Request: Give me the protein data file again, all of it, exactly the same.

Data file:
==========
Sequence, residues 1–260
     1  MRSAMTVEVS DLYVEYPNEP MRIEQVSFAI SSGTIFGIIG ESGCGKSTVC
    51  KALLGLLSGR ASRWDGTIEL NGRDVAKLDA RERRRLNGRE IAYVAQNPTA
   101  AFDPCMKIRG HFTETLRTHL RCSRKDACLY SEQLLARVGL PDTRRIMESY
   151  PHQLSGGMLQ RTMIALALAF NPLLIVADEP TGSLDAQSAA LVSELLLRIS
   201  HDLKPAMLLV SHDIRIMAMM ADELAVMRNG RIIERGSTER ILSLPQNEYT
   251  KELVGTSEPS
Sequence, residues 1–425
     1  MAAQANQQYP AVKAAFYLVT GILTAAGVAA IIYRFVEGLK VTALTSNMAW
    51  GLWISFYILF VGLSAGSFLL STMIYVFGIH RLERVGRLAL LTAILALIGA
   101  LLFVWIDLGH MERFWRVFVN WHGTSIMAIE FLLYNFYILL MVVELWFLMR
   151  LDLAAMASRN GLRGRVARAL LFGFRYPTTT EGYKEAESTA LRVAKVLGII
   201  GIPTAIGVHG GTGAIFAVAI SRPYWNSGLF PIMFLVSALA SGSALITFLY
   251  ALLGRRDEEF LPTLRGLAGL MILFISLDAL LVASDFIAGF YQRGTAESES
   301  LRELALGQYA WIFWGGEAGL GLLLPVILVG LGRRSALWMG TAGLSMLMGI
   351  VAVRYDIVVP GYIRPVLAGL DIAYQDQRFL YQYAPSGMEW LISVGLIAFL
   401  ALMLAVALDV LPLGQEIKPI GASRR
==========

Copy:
Sequence, residues 1–260
     1  MRSAMTVEVS DLYVEYPNEP MRIEQVSFAI SSGTIFGIIG ESGCGKSTVC
    51  KALLGLLSGR ASRWDGTIEL NGRDVAKLDA RERRRLNGRE IAYVAQNPTA
   101  AFDPCMKIRG HFTETLRTHL RCSRKDACLY SEQLLARVGL PDTRRIMESY
   151  PHQLSGGMLQ RTMIALALAF NPLLIVADEP TGSLDAQSAA LVSELLLRIS
   201  HDLKPAMLLV SHDIRIMAMM ADELAVMRNG RIIERGSTER ILSLPQNEYT
   251  KELVGTSEPS
Sequence, residues 1–425
     1  MAAQANQQYP AVKAAFYLVT GILTAAGVAA IIYRFVEGLK VTALTSNMAW
    51  GLWISFYILF VGLSAGSFLL STMIYVFGIH RLERVGRLAL LTAILALIGA
   101  LLFVWIDLGH MERFWRVFVN WHGTSIMAIE FLLYNFYILL MVVELWFLMR
   151  LDLAAMASRN GLRGRVARAL LFGFRYPTTT EGYKEAESTA LRVAKVLGII
   201  GIPTAIGVHG GTGAIFAVAI SRPYWNSGLF PIMFLVSALA SGSALITFLY
   251  ALLGRRDEEF LPTLRGLAGL MILFISLDAL LVASDFIAGF YQRGTAESES
   301  LRELALGQYA WIFWGGEAGL GLLLPVILVG LGRRSALWMG TAGLSMLMGI
   351  VAVRYDIVVP GYIRPVLAGL DIAYQDQRFL YQYAPSGMEW LISVGLIAFL
   401  ALMLAVALDV LPLGQEIKPI GASRR